Kollimalai: 1 definition

Introduction

Introduction:

Kollimalai means something in the history of ancient India. If you want to know the exact meaning, history, etymology or English translation of this term then check out the descriptions on this page. Add your comment or reference to a book if you want to contribute to this summary article.

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Source: DSpace at Pondicherry: Siddha Cult in Tamilnadu (historical)

Kollimalai or the Kolli hills (11°14’N; 78°20’E) is located in the Salem district of Tamilnādu. It is famous, because of the Siddhars who stayed there are popularly known as Kollimalai Siddhars[818]. The Arappālīśvara temple is situated on the top of the Kolli Hills, dedicated to Lord Śiva and Goddess Tāyāmbal. It is an ancient temple, sung by the Tevāram Saints.

The Kolli hill itself is famous for a beautiful sculpture of Pāvai, often referred to in early Saṅgam literature as Kollippāvai. A sculpture is now identified as Kollippāvai but it seems to be an image of Kāḷi of the Colā period. From time immemorial, the Śiva temple has been held in high veneration by a Śaivite saint and his followers and is one of the foremost sacred sthalas in the Koṅgu country.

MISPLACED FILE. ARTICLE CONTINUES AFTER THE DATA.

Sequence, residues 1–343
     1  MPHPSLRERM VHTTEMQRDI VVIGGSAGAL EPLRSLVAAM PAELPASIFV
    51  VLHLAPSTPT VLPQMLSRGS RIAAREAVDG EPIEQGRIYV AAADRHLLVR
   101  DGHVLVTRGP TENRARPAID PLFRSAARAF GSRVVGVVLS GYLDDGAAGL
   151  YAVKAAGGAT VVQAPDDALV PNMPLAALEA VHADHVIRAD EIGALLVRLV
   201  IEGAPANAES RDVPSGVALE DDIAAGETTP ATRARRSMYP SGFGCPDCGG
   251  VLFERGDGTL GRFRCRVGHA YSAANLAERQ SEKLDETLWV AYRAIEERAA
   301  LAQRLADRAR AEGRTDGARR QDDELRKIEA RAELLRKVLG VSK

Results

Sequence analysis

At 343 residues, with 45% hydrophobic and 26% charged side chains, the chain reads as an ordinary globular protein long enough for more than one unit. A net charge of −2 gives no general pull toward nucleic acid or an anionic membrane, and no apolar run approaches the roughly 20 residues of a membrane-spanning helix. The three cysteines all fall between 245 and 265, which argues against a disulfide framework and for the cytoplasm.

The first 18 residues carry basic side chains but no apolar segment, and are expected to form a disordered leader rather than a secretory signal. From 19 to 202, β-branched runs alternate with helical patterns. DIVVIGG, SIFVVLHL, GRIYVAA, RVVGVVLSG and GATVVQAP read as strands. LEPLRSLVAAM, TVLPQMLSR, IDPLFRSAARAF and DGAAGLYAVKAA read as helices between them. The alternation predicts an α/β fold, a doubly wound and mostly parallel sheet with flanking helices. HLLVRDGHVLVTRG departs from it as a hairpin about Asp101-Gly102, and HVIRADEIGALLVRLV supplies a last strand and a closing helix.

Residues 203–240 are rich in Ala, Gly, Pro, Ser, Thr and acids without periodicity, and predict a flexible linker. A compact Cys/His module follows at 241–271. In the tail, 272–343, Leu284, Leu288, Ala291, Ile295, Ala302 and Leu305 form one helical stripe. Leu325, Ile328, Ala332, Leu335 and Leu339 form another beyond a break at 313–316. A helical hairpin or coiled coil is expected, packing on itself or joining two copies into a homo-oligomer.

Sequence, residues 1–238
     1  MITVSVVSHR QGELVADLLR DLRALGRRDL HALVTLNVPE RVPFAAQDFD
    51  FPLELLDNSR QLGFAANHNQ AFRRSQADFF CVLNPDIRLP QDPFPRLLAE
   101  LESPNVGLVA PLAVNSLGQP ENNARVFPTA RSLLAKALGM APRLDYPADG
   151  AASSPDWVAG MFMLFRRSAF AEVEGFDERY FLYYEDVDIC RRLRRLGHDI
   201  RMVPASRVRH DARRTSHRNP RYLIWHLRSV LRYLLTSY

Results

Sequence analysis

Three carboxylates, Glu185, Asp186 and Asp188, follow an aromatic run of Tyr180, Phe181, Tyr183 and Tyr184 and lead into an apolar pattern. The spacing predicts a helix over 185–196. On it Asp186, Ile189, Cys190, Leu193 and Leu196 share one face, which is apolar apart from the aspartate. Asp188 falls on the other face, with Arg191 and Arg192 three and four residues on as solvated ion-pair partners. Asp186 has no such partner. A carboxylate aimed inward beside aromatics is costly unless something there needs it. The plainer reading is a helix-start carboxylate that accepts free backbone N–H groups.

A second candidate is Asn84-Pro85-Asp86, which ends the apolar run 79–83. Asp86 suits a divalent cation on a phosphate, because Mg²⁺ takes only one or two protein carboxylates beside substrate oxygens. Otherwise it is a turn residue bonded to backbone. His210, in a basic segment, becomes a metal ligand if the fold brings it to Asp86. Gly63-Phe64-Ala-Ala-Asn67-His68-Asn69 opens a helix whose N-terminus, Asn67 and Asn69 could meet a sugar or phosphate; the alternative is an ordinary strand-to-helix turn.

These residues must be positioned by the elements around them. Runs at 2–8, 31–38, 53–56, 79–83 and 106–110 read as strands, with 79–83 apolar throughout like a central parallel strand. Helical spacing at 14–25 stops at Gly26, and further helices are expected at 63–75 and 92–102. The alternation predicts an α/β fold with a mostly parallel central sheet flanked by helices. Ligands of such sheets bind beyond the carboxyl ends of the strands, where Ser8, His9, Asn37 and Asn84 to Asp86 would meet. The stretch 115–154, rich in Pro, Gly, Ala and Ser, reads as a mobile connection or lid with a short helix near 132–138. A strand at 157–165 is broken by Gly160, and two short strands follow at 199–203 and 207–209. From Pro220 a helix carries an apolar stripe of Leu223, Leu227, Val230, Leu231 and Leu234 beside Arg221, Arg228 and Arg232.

Source: Shodhganga: Siddha Cult in Tamilnadu

Kollimalai refers to one of the various famous Siddha Centre distributed throughout South India and Tamil Nadu. The Siddha cult represents a Tantric philosophy that emerged from the combination of several elements found in traditions such as Shaivism (viz., Pashupata), Shaktism, Jainism, Tantric Buddhism (Vajrayana), etc. Both the Siddha and the Navanath cult (i.e., Nava-natha, ‘nine saints’) are popular in South India [viz., Kollimalai] and Tamilnadu. A Siddha was an inspired seer belonging to the marginalized sections of society who dissolved their past karma and crushed the roots of future karma.

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The history of India traces the identification of countries, villages, towns and other regions of India, as well as royal dynasties, rulers, tribes, local festivities and traditions and regional languages. Ancient India enjoyed religious freedom and encourages the path of Dharma, a concept common to Buddhism, Hinduism, and Jainism.

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